It Wasn't My De-Fault
There's another element to contemplate in all of this. If you, as a college graduate recent or otherwise, have spent the better part of your adult life paying student loans that make you wonder what it was all for, you may view Corinthian's graduates with some jealousy.
“How come they get out of paying their loans?” you ask. “My supposedly legitimate college experience was just as crummy as it was expensive.”
When one considers the events at Corinthian, one could read it as an assault on the for-profit college industry. And it certainly is that. But it also smells a bit like somebody dropped a stink bomb in the student loan industry's stall as well.
Until this point, we have largely persisted under the notion that we, the young and college-bound, must reap what we sow. However misinformed or ill-advised the borrowing decision you've made as a teenager, it will become your responsibility as an adult. From the vaunted Ivy Leagues to the suspiciously-accredited clown college that your uncle runs out of a Motel 6 conference room, whatever you borrowed to finance your education, you paid back or else suffered the consequences. It's kind of the American way.
The Corinthian decision and Duncan's subsequent declaration both call this whole shaky arrangement into question, and most certainly for the better. Evidence suggests that the issue is very much on the minds of Americans these days. In early June, an editorial in the New York Times entitled “Why I Defaulted on My Student Loans” attracted considerable attention. For a moment, Lee Siegel's opinion piece was the most-read article on the paper's website.
In it, Siegel explained that he opted as a young man to openly defy his student loan debt rather than allowing it to stifle his creative ambitions. He argued that he had not attended college simply to find himself in a soul-crushing day job that prevented him from pursuing his true calling. In what would appear to be a matter of principle, Siegel has since spent the better part of three decades evading the loan for which his parents co-signed.
And here I am paying my loans back like a sucker.
In Siegel's much-debated editorial, he suggests that a credit rating is like some imaginary bogeyman that bankers use to scare children into eating their vegetables. Oh, but it is quite real, and the day a young person goes to buy a first home, or an automobile, or even just a really cool jet-ski, he or she will find out just how real.
I wouldn't necessarily make the argument that your bank or your college deserves every dollar, or even any dollar, that you must repay. Maybe it does, maybe it doesn't. My college classes weren't particularly illuminating but I still slept in the dorm. I still ate the dining hall food. I still played on a campus intramural water-polo team. (Yes, that's a thing). I'm not sure I owe my college every dollar, but I at least owe it a few.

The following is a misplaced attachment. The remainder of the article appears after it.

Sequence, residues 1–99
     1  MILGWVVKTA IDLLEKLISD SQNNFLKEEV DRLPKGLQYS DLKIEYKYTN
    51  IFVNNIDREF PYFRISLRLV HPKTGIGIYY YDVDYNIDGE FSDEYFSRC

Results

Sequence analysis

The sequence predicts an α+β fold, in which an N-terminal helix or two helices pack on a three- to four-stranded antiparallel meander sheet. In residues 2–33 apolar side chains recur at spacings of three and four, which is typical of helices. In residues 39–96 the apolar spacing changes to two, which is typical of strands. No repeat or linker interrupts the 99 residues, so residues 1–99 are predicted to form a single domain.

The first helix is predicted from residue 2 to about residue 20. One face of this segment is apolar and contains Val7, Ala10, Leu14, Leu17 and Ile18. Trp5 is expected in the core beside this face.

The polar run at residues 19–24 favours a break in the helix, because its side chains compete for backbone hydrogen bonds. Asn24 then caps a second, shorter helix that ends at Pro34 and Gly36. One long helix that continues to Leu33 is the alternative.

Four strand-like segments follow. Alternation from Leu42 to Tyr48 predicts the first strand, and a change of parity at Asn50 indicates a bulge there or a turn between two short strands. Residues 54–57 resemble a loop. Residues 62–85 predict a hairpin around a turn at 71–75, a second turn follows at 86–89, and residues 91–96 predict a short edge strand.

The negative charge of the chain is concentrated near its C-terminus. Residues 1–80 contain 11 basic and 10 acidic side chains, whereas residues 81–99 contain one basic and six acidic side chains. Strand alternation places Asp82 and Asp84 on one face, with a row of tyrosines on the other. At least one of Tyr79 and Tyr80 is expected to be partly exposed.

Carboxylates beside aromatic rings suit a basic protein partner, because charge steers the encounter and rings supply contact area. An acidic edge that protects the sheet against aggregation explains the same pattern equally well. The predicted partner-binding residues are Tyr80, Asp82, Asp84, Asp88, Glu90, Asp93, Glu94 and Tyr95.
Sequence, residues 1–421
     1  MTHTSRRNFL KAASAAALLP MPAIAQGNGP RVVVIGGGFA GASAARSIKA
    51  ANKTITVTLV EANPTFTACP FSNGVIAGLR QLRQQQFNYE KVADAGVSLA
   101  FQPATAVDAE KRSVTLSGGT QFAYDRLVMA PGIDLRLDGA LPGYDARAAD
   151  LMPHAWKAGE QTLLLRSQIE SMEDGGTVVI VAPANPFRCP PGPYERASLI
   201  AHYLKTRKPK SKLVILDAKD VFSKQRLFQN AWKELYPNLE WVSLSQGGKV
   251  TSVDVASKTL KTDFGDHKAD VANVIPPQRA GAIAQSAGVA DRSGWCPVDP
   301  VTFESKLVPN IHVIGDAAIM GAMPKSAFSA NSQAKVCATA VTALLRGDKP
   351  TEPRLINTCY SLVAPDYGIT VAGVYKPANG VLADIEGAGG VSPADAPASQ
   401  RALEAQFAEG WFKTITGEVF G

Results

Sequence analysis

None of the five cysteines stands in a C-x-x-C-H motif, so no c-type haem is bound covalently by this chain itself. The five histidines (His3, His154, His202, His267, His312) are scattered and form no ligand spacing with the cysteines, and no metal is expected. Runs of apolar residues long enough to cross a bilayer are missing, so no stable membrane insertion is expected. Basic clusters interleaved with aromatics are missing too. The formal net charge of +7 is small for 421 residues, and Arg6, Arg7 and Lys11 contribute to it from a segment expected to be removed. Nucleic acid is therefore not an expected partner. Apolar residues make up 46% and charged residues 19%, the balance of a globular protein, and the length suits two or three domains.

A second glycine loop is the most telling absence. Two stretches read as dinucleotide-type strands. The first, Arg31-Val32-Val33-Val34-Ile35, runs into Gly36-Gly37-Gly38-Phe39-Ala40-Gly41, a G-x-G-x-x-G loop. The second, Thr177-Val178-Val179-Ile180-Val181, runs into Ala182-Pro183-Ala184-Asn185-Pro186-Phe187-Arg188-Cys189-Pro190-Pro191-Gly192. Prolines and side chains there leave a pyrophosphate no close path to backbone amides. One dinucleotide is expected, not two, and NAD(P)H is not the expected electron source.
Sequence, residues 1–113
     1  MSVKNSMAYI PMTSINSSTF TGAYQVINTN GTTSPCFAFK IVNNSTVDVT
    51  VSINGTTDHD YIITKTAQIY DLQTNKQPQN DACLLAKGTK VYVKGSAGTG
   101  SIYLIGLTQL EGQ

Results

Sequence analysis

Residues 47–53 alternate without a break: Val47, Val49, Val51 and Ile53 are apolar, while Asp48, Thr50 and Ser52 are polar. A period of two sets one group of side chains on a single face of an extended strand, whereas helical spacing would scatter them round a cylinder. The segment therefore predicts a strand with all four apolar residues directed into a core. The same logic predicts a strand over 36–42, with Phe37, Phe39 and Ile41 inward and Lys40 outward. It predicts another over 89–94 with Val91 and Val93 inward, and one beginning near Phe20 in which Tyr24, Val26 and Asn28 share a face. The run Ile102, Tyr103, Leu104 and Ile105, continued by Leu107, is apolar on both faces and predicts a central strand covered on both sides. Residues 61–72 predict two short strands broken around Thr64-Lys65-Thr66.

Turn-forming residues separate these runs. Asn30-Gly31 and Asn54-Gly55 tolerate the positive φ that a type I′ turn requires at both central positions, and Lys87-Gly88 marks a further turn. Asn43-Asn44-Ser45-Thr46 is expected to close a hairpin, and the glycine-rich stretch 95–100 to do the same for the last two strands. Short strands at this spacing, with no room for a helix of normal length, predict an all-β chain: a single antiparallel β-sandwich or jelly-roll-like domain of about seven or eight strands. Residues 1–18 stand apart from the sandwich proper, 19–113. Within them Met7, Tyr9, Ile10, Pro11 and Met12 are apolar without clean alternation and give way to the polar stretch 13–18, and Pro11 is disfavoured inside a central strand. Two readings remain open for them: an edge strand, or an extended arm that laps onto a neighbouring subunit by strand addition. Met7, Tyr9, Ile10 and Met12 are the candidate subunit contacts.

Siegel views his decision as resistance in the face of an arrangement that is socially-constructed but morally indefensible. His article seems to offer guidelines on how others can also take a moral stand by defaulting on their loans.
But Siegel's advice is dangerous. Take it from me. Through necessity rather than choice, I missed any number of student loan repayments in those lean, early days. And I have to tell you, it wasn't as much fun as Siegel makes it sound.
If you happen to be fortunate enough to marry a sugar-mama or sugar-daddy, more power to you. And if you somehow find yourself in a position to purchase a home with a briefcase of cash (and I don't wanna know where you got it), you'll probably be fine. But for the rest of us, this is not the answer.
I promise you that no matter how many collection agencies that debt transfers through, it will not go away. It will grow. It will stay with you like an appendix scar, or your high-school nickname, or that time you got arrested for accidentally locking yourself out of a hotel room in nothing but a towel. It will follow you and it will only compound, rather than erase, the mistake you think you made as a 17-year-old borrower.
So even if it seems like the Department of Education might agree with you, and even if Siegel's revolution-of-one might seem attractive to you, you can't just stop paying back your loans. The harsh reality is that no matter how young, impulsive, and ill-informed you are as a teenager, the student loan is one of the first truly consequential financial decisions you will make.
Perhaps the greatest obstacle that we must overcome is our failure to ensure that the college-bound understand such a momentous decision thusly.
If college is the next step, why not more focus on teaching high schoolers how to be informed consumers? One could hardly object to the spirit of the Department of Education's intervention. And on behalf of the students from Corinthian who should ultimately have the chance to be forgiven their loans, there is no question that this is a victory. It is, however, a victory mired in a series of defeats, not the least of them is the loss of educational trajectory.